So As I wind up the first week and enter into the second week of blissful or maybe not so blissful outpourings of words, I'm happy to say this is still a hoot! I just hope I can stay on track to earn this badge again:

Tuesday, November 8, 2011


A little over a week ago on October 29th, parts of the east coast and New England were hit with a freak snowstorm. Some towns received as much as 19” of snow. The trees here in my neck of New Jersey hadn’t lost their leaves yet. That’s how uncommon snow is in October for us. The result was trees and branches and power lines, laden with heavy, wet snow. A recipe for disaster that turned into disaster as those trees and branches began to snap from all that weight, taking power lines with them. You couldn’t get from here to there because either here, there, or both were blocked and inaccessible.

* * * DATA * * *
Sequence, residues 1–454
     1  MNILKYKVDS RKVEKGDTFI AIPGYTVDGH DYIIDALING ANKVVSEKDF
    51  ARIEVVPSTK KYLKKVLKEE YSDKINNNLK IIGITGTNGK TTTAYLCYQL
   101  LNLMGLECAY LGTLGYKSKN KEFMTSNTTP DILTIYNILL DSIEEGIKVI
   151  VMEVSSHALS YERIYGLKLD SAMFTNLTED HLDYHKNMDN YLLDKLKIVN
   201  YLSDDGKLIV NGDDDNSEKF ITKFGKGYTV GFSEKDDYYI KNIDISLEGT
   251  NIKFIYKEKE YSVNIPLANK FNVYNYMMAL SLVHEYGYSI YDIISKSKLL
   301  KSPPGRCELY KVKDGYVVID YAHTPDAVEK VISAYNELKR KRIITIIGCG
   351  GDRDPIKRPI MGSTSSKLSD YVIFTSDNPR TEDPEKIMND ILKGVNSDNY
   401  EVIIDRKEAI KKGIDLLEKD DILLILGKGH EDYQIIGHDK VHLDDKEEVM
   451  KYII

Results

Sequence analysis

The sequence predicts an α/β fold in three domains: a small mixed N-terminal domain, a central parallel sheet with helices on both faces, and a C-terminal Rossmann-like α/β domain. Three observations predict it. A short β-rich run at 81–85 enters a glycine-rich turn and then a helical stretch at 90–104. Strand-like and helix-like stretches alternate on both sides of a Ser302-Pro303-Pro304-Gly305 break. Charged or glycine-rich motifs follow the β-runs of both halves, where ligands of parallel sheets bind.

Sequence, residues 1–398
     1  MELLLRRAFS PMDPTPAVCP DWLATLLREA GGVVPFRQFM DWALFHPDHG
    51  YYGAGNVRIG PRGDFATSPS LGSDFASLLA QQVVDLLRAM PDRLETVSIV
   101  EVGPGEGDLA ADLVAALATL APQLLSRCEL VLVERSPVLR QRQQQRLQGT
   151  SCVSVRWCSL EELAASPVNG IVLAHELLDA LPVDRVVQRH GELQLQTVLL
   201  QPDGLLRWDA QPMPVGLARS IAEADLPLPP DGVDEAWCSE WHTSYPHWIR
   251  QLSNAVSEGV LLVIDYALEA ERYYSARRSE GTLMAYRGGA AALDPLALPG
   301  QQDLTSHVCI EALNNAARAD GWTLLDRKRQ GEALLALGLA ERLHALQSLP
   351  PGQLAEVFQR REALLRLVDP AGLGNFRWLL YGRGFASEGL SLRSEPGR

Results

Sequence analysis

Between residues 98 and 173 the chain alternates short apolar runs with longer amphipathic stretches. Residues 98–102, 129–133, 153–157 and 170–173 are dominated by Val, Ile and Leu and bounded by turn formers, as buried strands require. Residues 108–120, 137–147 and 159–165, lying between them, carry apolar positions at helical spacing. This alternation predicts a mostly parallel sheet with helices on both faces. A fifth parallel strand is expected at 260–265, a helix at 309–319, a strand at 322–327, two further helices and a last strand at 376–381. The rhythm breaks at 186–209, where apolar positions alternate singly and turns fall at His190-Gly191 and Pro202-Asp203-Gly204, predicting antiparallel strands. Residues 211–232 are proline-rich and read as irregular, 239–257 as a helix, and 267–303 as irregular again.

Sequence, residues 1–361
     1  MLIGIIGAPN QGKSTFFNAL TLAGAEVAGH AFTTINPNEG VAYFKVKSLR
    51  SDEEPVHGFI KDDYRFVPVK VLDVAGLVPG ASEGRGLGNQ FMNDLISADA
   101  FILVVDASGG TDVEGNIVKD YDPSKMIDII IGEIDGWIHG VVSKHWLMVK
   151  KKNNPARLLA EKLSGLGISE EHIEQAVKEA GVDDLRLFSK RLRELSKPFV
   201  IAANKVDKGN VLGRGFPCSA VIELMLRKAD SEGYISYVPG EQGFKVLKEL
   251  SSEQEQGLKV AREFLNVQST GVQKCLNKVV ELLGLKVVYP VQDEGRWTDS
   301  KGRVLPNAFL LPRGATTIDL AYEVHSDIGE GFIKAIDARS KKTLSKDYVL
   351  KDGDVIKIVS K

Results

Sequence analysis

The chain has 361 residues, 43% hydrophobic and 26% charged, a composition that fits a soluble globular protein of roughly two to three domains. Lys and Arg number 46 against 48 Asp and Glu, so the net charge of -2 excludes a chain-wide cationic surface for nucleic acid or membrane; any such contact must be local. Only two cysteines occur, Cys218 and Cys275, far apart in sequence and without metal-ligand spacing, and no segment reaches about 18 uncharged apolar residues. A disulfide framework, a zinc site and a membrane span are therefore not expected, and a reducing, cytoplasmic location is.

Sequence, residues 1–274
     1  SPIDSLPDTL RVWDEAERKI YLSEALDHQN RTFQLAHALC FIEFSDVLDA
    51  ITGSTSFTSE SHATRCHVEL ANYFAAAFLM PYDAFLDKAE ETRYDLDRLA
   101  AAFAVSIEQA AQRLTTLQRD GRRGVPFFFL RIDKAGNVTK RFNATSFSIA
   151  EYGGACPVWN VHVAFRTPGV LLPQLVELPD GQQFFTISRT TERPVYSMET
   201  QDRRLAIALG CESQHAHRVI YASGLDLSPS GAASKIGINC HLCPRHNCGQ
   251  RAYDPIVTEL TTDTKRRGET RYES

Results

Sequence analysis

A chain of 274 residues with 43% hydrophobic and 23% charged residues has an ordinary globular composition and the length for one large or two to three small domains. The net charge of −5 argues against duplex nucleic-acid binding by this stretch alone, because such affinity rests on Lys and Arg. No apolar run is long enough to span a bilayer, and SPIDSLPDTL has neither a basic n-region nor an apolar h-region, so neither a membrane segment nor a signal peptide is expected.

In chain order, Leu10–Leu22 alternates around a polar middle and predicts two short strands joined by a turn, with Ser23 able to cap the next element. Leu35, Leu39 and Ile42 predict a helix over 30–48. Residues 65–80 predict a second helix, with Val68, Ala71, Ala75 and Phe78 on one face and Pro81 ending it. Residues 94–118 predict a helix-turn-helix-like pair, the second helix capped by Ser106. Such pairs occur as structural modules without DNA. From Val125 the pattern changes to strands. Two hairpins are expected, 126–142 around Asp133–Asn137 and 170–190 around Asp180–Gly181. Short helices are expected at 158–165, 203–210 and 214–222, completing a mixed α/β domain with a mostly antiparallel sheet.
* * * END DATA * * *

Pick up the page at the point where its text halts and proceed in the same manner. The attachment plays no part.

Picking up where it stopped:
A branch came down at the end of our block. It hit a power line, sending sparks that ignited the phone, Internet, and cable lines to our street. Another branch dangled precariously over a power line, threatening to fall at any moment and take out our power. One report I heard said that a million people in New Jersey were without power. That's over 10% of the state's population. Two days later, 600,000 still had no power.

Some parts of the country are used to snow before Halloween. Not us. Half the time kids go trick or treating around here without coats covering up their costumes. This year there were few trick or treaters. Too many branches still dangled and threatened to fall on little goblins and ghosts as they tramped from one house to the next.